4. Luke says:

    Props to Marilyn & her team for putting this story on the website.
    I think the proposed changes are sound.
    I would also say that although I agree that the presumption of shared parenting should be applied as a starting default position, for practical reasons and due to the acrimony that occurs on a divorce this is often not going to be possible.
    With regard to the rubbish that is in the following statement from the Florida National Organisation for Women:

    “It’s proven over and over again that women do not receive equal pay for equal work so that is something that needs to be considered.”

    I think the equity feminist Christina Hoff Sommers provides a fine response:

  5. Andrew says:

    If and to the extent that there is a gender wage gap that’s an issue between the State and employers – not between individual ex-spouses.

  6. D says:

    There’s been general comment by bodies/organisations on the fallacy of ‘common law marriage’ (does n’t exist, legal risks in context of absence of marriage… etc.) and there’s a need for public information on the matter.
    Yet should n’t there also be education on the risks of marriage; especially with 42% of marriages ending in divorce? The potential that whilst non-financial aspects of the marriage can be completely terminated (especially it would seem in practice, access to children), one partner can remain with financial liabilities to another for life. This includes a cut of pensions and potential any future earnings. Especially in the context of one party becoming dependent on the other financially. There isn’t really the need for consent or proper agreement from the provider party either (they will be viewed as getting constant free-child care and opportunity of endless fun from pursuing their career).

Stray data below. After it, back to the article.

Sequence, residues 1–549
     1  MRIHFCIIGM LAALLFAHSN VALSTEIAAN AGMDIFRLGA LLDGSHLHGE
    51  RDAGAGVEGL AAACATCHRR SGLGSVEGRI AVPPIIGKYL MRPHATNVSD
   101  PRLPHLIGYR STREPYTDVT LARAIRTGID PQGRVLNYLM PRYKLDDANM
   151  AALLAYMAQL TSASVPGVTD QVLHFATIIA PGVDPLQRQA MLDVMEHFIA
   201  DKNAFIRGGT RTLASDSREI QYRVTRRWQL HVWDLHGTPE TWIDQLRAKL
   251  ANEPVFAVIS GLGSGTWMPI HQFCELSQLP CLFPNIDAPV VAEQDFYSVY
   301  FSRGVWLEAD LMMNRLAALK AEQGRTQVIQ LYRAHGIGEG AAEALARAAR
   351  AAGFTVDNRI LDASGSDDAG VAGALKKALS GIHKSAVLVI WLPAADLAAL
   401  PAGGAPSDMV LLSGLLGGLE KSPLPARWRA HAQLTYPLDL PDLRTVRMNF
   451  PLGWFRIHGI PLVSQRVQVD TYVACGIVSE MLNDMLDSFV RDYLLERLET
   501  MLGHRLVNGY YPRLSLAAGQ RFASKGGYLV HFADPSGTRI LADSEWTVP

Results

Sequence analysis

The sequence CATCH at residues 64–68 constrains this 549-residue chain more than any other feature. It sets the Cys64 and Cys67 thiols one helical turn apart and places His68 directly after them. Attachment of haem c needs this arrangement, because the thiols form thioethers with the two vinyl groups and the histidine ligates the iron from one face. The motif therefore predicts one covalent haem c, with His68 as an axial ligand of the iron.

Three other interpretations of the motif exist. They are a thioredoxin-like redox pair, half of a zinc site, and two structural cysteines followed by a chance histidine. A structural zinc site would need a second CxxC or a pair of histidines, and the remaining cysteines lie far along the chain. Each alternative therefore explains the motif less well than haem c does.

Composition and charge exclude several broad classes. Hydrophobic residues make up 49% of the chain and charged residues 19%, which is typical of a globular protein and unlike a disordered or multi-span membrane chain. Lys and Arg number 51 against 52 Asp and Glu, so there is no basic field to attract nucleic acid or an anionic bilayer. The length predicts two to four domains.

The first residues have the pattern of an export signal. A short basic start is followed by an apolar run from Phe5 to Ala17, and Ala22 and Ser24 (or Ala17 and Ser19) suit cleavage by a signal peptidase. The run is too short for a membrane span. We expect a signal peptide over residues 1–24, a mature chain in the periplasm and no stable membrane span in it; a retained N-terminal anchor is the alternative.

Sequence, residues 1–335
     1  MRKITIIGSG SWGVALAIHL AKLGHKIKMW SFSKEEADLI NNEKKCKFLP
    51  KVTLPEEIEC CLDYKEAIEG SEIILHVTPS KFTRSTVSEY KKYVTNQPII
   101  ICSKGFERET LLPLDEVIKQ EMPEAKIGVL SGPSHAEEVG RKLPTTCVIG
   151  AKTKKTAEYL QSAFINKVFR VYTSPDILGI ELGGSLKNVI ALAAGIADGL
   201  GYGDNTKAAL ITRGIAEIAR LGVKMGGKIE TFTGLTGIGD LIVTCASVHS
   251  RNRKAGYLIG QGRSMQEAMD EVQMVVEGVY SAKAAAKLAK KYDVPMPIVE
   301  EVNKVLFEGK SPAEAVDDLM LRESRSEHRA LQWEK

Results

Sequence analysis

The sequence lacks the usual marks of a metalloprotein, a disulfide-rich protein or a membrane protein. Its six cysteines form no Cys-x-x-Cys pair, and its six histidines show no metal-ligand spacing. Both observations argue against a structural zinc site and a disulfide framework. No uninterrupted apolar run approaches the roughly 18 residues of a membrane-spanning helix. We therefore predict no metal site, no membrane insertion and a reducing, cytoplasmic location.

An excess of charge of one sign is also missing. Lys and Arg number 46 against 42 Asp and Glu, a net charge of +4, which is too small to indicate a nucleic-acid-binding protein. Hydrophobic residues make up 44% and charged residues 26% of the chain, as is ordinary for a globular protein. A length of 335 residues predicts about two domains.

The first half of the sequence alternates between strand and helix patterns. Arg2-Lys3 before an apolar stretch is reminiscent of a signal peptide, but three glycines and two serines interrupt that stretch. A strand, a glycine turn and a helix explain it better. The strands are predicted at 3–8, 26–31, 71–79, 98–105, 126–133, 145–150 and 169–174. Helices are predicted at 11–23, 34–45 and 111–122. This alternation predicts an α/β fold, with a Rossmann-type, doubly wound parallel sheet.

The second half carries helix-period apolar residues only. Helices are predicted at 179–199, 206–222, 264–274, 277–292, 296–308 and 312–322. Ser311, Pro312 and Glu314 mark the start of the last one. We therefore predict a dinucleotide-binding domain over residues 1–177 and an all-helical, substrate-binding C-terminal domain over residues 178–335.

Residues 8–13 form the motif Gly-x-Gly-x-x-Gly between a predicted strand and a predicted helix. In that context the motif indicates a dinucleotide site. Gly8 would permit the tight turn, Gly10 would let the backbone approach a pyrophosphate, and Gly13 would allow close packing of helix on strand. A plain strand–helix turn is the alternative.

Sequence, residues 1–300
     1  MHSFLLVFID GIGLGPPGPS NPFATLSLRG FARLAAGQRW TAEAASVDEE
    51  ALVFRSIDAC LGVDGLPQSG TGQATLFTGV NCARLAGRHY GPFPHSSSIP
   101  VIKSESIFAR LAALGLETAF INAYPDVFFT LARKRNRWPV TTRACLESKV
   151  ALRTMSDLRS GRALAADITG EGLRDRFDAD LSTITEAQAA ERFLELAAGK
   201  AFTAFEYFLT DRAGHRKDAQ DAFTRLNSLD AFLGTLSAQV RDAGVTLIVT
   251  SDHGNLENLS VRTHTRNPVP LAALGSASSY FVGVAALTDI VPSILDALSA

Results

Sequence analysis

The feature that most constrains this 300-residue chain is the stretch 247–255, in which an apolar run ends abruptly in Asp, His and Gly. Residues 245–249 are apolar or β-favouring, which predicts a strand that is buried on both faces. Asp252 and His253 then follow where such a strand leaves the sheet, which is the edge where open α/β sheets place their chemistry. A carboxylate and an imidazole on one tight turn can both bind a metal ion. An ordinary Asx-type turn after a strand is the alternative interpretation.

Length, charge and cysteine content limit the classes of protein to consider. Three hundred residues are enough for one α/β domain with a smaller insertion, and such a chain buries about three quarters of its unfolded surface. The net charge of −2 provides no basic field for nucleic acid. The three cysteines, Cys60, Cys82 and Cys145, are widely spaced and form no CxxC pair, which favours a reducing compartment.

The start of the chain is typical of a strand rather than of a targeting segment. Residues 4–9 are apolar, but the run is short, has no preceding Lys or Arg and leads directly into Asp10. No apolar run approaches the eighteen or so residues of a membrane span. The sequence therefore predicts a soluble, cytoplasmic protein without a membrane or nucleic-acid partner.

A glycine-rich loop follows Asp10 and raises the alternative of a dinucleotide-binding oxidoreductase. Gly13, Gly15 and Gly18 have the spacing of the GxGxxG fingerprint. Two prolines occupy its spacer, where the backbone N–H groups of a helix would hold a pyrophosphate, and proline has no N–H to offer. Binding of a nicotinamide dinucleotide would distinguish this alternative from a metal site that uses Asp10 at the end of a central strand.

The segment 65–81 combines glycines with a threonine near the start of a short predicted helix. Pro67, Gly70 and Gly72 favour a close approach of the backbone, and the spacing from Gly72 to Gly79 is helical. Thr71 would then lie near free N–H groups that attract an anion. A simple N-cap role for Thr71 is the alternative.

Even more, equally for both genders the idea of non-matrimonial property/pre-nups are shaky at best. Your pre-existing property and matrimonial property are potentially divided up without your say by a court.
    There’s much noise made about the differences due to gender; things like the detrimental effect on women taking a ‘career break’ to look after children. Yet there’s a strange quietness on the conversation of ‘Honey. I’m pregnant, I’m stopping working. You’ll need that promotion and going part time is out of the question”. Which does n’t happen because it’s un-PC to say it does.